It’s possible to travel a long way from Coventry – and still find a familiar image on show.
On a short break in Pembrokeshire I discovered a fantastic exhibition of Graham Sutherland landscapes and other works in the Oriely Y Parc Landscape Gallery, a lovely light and airy space in a well-designed building which also houses the information centre in St Davids.
This seems to be the year to see Graham Sutherland, following the exhibition curated by George Shaw at Modern Art Oxford. That focused heavily on Sutherland’s Pembrokeshire landscapes, and some of them feature here too – along with a map suggesting places to visit inspired by the works! The Coventry connection was a practice image for the crucifixion for the Coventry Cathedral tapestry.
The pieces on show were left by Sutherland to Wales, and were homed at Picton Castle and are now in the National Museum Wales’s guardianship. They include some early nature-influenced etchings in the style of Samuel Palmer, and Pembrokeshire paintings from the 1930s, featuring birds and landscapes.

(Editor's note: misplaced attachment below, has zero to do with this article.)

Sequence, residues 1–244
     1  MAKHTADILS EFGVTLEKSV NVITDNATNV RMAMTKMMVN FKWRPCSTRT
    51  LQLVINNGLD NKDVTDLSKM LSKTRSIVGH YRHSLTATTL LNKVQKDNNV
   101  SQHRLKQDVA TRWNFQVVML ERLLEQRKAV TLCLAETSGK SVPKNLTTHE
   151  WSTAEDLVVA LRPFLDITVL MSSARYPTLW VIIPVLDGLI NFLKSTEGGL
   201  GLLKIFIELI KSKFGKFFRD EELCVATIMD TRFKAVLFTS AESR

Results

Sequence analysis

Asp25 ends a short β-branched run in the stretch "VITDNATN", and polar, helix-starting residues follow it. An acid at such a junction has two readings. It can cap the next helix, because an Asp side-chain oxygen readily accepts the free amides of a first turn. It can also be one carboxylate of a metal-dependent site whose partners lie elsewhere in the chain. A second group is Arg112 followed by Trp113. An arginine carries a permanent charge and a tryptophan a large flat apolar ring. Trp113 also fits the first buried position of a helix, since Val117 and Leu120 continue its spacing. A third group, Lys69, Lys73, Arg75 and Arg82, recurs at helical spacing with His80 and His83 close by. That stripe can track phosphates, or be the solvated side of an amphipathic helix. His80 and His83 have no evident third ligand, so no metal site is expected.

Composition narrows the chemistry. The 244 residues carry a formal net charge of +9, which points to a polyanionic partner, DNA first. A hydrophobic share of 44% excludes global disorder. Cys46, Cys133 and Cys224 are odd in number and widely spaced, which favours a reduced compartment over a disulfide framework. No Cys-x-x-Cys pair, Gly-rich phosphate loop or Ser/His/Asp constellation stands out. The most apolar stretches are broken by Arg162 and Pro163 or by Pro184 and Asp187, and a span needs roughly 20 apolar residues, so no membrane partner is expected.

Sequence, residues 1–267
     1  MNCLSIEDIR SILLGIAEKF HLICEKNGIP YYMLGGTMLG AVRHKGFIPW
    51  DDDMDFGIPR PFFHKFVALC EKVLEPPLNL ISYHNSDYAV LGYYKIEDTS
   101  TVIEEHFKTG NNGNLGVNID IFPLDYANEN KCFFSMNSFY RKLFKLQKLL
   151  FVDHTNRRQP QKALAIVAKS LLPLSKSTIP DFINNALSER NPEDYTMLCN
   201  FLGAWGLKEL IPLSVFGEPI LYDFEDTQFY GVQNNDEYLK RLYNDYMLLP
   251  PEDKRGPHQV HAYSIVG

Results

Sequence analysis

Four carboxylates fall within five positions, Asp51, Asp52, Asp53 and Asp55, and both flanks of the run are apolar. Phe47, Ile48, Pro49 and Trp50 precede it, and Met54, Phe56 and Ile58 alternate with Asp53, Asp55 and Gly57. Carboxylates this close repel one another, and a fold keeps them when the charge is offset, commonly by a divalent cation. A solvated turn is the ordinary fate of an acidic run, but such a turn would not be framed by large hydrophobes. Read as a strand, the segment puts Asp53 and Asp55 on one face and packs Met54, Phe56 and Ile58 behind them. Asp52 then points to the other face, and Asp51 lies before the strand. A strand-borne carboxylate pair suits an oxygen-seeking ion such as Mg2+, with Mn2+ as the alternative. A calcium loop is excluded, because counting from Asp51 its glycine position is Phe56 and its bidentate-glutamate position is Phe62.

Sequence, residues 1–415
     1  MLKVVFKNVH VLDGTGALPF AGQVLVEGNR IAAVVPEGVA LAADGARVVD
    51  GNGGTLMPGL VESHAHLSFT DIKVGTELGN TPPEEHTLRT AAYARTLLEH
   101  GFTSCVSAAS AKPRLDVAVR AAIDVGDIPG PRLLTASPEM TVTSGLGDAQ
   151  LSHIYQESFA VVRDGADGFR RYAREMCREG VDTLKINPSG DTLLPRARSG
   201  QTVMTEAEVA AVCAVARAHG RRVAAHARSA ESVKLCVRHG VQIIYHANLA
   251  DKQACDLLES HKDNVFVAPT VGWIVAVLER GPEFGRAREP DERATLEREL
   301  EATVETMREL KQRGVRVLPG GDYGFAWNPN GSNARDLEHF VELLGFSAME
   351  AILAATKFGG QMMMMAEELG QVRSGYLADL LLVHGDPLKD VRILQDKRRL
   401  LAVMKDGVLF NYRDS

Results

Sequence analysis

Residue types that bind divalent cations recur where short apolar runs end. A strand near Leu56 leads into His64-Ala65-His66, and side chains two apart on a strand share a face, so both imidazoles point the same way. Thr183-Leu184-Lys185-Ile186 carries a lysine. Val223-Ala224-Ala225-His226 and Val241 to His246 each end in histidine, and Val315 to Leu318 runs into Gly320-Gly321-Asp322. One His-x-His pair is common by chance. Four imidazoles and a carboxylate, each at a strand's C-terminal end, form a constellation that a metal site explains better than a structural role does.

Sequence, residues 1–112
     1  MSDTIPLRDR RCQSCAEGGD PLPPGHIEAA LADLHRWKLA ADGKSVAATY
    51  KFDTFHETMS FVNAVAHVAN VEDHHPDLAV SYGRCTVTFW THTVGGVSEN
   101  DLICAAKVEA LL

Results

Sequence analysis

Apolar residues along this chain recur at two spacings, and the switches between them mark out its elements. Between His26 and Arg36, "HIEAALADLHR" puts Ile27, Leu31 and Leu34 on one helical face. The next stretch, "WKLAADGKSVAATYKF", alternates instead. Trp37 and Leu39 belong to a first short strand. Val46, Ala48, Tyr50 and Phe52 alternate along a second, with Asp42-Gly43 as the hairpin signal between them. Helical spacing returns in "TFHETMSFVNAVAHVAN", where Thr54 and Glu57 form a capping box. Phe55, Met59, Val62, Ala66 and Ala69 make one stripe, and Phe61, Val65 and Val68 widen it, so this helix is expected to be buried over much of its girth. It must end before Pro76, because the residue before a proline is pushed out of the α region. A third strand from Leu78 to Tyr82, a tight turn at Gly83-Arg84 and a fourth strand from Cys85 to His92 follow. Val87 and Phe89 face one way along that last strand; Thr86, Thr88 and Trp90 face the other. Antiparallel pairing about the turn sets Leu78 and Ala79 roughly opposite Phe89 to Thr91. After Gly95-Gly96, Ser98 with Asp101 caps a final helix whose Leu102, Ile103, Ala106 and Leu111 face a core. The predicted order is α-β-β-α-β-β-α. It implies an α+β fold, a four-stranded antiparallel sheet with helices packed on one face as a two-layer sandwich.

I find his wartime paintings of lost buildings very effective, and these include a Swansea Masonic Hall in ruins, and a devastated Welsh farmhouse. In the farmhouse painting traditional structures are still visible against a yellow sky as vicious flames destroy the roof.
I hadn’t seen paintings from an adventure overseas before, where palm fronds and banyan leaves still look like the twisted forms influencing his nature paintings in Britain, and there’s also a display case of other Sutherland-designed items including a teaset and carpet.
Later paintings from the 1970s are larger and more abstract, with more of the pointy and twisted forms Sutherland had been interested in. He was obviously fascinated with birds or their actions, and there’s more than one great work featuring a heron in flight.
The exhibition is on until July 1 and definitely worth a visit from enjoying the sun – or dodging the rain – if you’re in Pembrokeshire.